Pauca Verba is Latin for A Few Words.

Tuesday, December 30, 2014

Greccio - New Bethlehem




HERE IS A PHOTOGRAPH of the wonderful, mountainside Franciscan monastery at Greccio, Italy. This is where Francis popularized the Christmas Nativity scene with lights, song, live animals and people assuming the traditional roles. 

I visited Greccio for a day during a three month sabbatical some years ago: train from Assisi, bus and then a long hike up the mountain, arriving seconds before siesta time, the sister in charge setting me up to offer Mass in the cave where Francis and the villagers re-created the holy scene. 

Here is the lovely account as told by Paul Sabatier in his book The Road to Assisi.
The population of Greccio and its environs was therefore, assembled, as well as the brothers from the neighboring monasteries. On the evening of the Vigil of Christmas one might have seen the faithful hastening to the hermitage by every path with torches in their hands, making the forests ring with their joyful hymns.
Everyone was rejoicing - Francis most of all. The knight had prepared a stable with straw and brought an ox and a donkey, whose breath seemed to give warmth to the poor bambino, numbed with cold. At the sight the saint felt tears of pity warm his face; he was no longer in Greccio, his heart was in Bethlehem.
Finally they began to chant matins, then the Mass was begun, and Francis, as deacon, read the Gospel. Already, hearts were touched by the simple recital of the sacred legend in a voice so gentle and so fervent, but when he preached, his emotion soon overcame the audience. His voice had so unutterable a tenderness that they also forgot everything and were living over again the feeling of the shepherds of Judea, who in those days of old went to adore the God made man, born in a stable. 

In a side note Paul Sabatier tells us that when Francis pronounced the word Bethlehem it sounded like the bleating of a lamb. And when Francis said the name of Jesus or Babe of Bethlehem he seemed to hold the words on his palate as if tasting something sweet. 

Here is the fresco painted on the plastered cave wall over the little altar: Mary nursing the Holy Child at Bethlehem. The stone crib resembles his tomb. The swaddling clothes; his shroud.

A priest said once that we needn't pay much attention to the Gospel's infancy accounts - that Jesus grew up is all that matters. I disagree. For Bethlehem, everything is changed. God has put away sending the plagues and smoking mountains, defeating armies and destroying cities. Some Christians are not comfortable with God's new approach of entering our world as a defenseless baby because it means we can't be fans of capital punishment, global militarization, clerical chaplaincies to governments, and the trappings of power, whether it's our money, our technology, titles, professional initials or the status designations of colored clerical buttons, capes and caps. Everything must be re-thought. God has  joined us in powerlessness; God cries for his mother's milk.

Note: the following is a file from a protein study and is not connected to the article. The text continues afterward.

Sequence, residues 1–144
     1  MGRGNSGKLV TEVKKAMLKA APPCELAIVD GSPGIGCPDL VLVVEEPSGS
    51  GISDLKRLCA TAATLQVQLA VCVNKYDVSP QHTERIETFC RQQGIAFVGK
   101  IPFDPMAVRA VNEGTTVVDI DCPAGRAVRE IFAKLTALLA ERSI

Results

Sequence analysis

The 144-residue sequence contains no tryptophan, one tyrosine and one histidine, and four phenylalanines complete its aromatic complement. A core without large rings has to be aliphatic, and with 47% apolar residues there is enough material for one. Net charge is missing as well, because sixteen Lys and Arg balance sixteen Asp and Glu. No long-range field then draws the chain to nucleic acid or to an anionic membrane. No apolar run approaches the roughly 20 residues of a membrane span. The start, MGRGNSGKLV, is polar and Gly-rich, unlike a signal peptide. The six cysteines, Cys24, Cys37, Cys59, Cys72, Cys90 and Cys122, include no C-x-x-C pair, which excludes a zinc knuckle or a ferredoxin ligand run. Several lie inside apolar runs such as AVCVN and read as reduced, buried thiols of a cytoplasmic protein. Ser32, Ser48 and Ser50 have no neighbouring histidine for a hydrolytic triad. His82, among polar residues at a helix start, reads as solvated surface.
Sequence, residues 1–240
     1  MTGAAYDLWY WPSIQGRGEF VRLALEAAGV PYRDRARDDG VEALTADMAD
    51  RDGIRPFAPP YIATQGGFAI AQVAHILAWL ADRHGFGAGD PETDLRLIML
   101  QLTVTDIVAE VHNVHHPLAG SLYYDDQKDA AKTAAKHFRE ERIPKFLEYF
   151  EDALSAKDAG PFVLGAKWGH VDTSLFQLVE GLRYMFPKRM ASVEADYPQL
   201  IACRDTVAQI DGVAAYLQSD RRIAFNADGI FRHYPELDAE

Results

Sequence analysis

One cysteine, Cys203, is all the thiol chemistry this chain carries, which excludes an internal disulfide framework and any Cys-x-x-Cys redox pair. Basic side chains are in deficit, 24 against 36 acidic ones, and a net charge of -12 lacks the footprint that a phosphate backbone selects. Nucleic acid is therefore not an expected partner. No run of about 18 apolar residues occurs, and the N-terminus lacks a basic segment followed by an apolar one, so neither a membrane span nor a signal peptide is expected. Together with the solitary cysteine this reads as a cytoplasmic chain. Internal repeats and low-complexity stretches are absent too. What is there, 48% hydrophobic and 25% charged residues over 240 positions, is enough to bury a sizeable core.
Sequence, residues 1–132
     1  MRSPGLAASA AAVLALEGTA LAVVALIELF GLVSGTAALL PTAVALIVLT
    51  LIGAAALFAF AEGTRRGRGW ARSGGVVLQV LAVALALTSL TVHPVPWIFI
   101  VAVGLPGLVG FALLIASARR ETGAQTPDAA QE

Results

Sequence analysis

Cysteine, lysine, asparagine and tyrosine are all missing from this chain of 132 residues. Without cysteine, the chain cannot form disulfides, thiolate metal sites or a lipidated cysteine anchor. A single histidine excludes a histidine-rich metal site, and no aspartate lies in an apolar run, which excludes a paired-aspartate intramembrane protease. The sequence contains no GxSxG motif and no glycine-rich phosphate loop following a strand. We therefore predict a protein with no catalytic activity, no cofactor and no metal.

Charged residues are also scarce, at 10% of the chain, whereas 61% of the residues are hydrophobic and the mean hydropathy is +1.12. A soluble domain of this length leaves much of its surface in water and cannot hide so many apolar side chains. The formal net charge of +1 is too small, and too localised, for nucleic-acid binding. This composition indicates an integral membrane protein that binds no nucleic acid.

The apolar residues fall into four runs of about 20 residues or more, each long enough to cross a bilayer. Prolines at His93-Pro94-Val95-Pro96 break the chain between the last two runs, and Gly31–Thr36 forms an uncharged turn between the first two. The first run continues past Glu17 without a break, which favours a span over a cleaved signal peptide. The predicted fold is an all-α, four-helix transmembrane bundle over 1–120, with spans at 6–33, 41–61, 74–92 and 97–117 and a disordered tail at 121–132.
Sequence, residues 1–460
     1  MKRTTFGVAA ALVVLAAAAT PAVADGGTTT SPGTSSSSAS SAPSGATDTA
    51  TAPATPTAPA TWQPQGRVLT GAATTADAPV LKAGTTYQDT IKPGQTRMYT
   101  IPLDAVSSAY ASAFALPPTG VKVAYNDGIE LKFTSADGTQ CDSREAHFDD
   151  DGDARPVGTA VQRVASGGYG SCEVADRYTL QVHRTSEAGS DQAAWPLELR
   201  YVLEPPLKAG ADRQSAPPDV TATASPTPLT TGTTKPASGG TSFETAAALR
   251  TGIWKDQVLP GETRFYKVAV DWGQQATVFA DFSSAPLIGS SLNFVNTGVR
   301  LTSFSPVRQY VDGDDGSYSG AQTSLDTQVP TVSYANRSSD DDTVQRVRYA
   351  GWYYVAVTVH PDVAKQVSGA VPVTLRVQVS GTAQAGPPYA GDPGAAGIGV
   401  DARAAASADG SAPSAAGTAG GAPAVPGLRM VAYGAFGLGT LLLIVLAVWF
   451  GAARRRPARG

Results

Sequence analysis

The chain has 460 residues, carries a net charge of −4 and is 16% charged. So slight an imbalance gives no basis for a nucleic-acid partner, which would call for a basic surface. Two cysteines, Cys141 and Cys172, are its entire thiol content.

4 comments:

  1. Francis saw the emptying of the glory of the Son of God, born of a gentle mother but still thrown upon a stony and resisting world. A world still hard and resisting. There is much rethinking to be done in these times.

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  2. To be sure. And Pope Francis seems to believe that the Church can pattern or model this re-thinking for the world. Let's not lose the joy in it. The Spirit is present where there is re-thinking.

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  3. These are exciting times for the church. Pope Francis radiates a sense of joy in the love and mercy of God. He seems to have faith from the start - his grandmother's gift. So many of us started that way. It seems grandmother's have a bigger challenge bringing the faith to their grandchildren these days. I think God's mercy has to be shown to them. God knows, they are so worth it.

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  4. My paternal grandmother was Irish born and spiritually very formative of me. I am grateful for her presence in my life.

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